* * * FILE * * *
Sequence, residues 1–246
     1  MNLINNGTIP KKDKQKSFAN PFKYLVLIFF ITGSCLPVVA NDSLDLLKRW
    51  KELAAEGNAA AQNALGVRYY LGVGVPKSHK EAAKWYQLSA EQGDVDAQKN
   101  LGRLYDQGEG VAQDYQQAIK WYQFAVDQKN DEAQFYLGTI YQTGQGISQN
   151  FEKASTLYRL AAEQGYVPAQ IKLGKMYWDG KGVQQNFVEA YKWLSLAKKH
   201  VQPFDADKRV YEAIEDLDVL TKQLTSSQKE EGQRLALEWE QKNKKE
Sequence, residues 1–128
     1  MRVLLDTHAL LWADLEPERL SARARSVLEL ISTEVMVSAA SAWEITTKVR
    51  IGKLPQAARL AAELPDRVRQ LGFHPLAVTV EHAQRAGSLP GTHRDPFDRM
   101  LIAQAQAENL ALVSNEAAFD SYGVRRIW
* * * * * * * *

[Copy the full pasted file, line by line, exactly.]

Sequence, residues 1–246
     1  MNLINNGTIP KKDKQKSFAN PFKYLVLIFF ITGSCLPVVA NDSLDLLKRW
    51  KELAAEGNAA AQNALGVRYY LGVGVPKSHK EAAKWYQLSA EQGDVDAQKN
   101  LGRLYDQGEG VAQDYQQAIK WYQFAVDQKN DEAQFYLGTI YQTGQGISQN
   151  FEKASTLYRL AAEQGYVPAQ IKLGKMYWDG KGVQQNFVEA YKWLSLAKKH
   201  VQPFDADKRV YEAIEDLDVL TKQLTSSQKE EGQRLALEWE QKNKKE
Sequence, residues 1–128
     1  MRVLLDTHAL LWADLEPERL SARARSVLEL ISTEVMVSAA SAWEITTKVR
    51  IGKLPQAARL AAELPDRVRQ LGFHPLAVTV EHAQRAGSLP GTHRDPFDRM
   101  LIAQAQAENL ALVSNEAAFD SYGVRRIW